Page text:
sometimes volatile funding, however,
such transformations will be uneven and
incomplete. In addition, the highly local nature
of public library funding and governance
structures may interfere with both rapid
and broad scale progressthe kind of scale
needed to compete and thrive in a world of
global networks. Challenges that shape the
discussion about long-term public library
sustainability, given their vital role in the
digital era, include:
o Identifying reliable sources of revenue
for daily operations as well as long-term
planning and investment
 xploring alternative governance
o E
structures and business models that
maximize efficient and sustainable library
operations and customer service
 ecoming more skilled at measuring
o B
outcomes rather than counting activities

FUNDING. Public libraries have long relied

on local funding sources. According to a

recent IMLS public library survey, nearly 85
percent of all public library operating revenue
comes from local sources, including general
revenue funds, dedicated property taxes,
voter-approved taxes and a portion of sales
taxes. Nationally, libraries receive about 7.5
percent of their annual revenue from states
and only one-half of one percent from the
federal government. Other sources accounted
for just over 7 percent.44 In some cases,
notably in small cities and rural areas, libraries
struggle to keep up because of extremely
limited and unpredictable funding.
A lot of elected officials who make decisions
on funding havent been in a library in years.
There is a need to get these officials in the
[library] building to understand how libraries
function now. Getting people invested will
educate them and open their eyes to the
importance of libraries, says Amy Paul,
corporate vice president of Management
Partners, a consulting firm that works
with local governments to improve their

 alancing the local and national library

o B
value proposition to consider economies
of scale in a networked world without
compromising local control



The challenge of sustainable funding is
particularly acute in libraries serving small
and rural communities. The needs are great,
particularly for broadband access, and the
financial and human resources in libraries
are often limited. Service areas in rural
communities are often widely dispersed,
making the need for digital connections even
more valuable to bring the library directly
to people in their homes. Librarian skills
and training can vary widely as well. Rural
communities can look to their local libraries as
partners for creating self-sustaining, longterm community and economic development,
especially with the librarys focus on growing
human and social capital.

Sustainable funding means more than an

annual operating budget to carry out the
librarys mission and deliver services annually.
It also means providing a foundation for the
long-term planning needed to continue to
offer leading-edge learning opportunities,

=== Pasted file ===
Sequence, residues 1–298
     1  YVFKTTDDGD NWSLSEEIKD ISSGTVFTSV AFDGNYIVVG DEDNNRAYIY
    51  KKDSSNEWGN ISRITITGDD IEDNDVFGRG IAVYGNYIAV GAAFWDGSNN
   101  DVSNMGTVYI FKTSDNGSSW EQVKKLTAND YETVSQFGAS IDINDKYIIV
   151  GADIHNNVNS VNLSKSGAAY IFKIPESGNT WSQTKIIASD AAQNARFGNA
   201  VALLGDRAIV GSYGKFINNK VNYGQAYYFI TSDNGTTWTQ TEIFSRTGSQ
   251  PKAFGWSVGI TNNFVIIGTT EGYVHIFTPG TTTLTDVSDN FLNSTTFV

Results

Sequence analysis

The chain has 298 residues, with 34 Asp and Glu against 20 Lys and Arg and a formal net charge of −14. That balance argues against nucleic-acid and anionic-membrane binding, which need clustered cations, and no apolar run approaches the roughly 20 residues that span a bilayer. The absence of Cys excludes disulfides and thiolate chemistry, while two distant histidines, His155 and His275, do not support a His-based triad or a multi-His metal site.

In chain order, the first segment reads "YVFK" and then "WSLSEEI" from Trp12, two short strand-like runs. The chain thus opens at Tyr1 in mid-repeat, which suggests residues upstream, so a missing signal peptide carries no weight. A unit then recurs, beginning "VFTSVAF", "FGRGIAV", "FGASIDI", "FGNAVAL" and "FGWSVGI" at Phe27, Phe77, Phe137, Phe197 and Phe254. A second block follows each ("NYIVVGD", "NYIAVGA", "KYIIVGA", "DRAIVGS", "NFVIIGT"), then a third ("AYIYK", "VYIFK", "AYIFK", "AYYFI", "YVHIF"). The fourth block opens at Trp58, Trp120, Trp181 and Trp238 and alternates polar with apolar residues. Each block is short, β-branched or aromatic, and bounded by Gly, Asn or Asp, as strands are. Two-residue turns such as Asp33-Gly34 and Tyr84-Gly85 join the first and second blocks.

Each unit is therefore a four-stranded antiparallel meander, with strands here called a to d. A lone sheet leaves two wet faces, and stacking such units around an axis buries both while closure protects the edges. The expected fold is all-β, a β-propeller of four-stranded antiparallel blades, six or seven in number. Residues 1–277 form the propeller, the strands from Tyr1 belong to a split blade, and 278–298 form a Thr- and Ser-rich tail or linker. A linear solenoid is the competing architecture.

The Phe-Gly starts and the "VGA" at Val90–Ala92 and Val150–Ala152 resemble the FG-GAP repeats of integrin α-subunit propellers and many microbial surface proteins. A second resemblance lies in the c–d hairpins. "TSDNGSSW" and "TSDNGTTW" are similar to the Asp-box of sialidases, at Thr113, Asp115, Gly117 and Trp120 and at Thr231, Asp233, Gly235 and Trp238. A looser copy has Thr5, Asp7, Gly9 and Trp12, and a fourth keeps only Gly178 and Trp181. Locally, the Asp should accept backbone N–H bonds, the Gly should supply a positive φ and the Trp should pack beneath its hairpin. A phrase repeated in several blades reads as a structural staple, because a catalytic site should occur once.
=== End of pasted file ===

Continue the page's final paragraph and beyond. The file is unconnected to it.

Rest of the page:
develop and maintain expertise, keep pace
with changes in the knowledge and creative
economies and invest in the future. Library
funding should be commensurate with the
essential nature of the services provided by
the public library as a vitally important civic
and educational institution.


Strategies to support and engage small and

rural libraries include:
o E
create economies of scale

OPPORTUNITIES from foundations
and funders to meet program and service
needs that are specific to the rural and
small library context
librarians to share models, lessons learned
and resources
access to larger bodies of content

Further complicating the library funding

situation is the increase in government
mandates that have affected expectations of
public libraries in supporting e-government
services. There has been a noticeable shift
in what this requires of librariesmoving
from simply providing government forms to
providing computers and training to access
and navigate. Very often, libraries must deliver
services to meet these growing demands
without any additional funding to cover the
costs.45 Without additional funding to support
the new requests for services, the librarys
staff and resources will be stretched too thin.

Moving toward financial sustainability

requires a willingness to explore new avenues
for funding, including opening up discussions
about endowing public libraries in ways similar
to other educational and cultural institutions.
Libraries themselves must look at alternatives
to traditional funding models, such as revenue
or resource sharing, which require new or
different skills that some libraries currently do
not have.

related to funding are library organization and

governance structures. Library governance
structures vary widely. For example, some
libraries are part of a county or municipal
government, others function as a special
district or operate under joint powers
authority agreements among participating
jurisdictions. A few libraries are 501(c)3
nonprofit organizations.46 A comprehensive,
up-to-date mapping of library governance and
funding models is needed as a starting point
for a national discussion about long-term
public library sustainability. That conversation
could examine what the most effective
models are for long-term sustainability and
advocate for those models. For example, Pam
Sandlian-Smith, CEO of Anythink Libraries